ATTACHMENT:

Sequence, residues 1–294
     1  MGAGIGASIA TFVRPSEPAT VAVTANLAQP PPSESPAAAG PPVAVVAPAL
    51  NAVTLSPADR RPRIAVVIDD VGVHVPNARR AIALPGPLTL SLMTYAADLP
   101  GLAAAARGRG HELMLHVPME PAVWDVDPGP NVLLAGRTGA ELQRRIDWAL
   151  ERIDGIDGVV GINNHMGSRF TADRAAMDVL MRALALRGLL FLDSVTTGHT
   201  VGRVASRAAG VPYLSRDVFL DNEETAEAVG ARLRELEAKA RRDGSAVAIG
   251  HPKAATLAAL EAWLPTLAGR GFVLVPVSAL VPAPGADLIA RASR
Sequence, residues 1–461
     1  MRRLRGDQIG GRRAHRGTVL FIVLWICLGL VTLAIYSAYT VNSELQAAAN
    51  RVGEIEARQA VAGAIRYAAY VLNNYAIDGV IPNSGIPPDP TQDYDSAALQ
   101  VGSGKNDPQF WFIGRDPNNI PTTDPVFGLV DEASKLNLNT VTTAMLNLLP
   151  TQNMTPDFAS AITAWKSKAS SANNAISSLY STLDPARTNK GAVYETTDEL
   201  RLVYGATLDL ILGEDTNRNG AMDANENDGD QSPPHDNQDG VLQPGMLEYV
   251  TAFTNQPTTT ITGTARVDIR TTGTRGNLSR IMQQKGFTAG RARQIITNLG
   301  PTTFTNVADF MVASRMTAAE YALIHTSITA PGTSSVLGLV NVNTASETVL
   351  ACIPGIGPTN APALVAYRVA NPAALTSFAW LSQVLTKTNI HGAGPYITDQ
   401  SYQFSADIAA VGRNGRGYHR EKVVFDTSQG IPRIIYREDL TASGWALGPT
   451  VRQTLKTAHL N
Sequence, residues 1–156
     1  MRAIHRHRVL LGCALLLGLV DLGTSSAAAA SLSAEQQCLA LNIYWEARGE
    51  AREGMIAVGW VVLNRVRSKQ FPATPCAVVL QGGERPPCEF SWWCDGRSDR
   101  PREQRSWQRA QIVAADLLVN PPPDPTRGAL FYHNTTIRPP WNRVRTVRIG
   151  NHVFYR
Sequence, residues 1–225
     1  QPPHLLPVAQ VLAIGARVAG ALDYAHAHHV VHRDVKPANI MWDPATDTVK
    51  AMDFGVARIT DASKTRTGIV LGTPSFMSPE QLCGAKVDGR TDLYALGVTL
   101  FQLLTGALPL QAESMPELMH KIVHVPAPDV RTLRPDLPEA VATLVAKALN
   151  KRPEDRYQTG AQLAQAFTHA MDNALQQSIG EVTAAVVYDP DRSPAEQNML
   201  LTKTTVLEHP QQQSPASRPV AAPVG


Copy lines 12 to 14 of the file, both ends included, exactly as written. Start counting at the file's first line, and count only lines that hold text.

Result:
   151  TQNMTPDFAS AITAWKSKAS SANNAISSLY STLDPARTNK GAVYETTDEL
   201  RLVYGATLDL ILGEDTNRNG AMDANENDGD QSPPHDNQDG VLQPGMLEYV
   251  TAFTNQPTTT ITGTARVDIR TTGTRGNLSR IMQQKGFTAG RARQIITNLG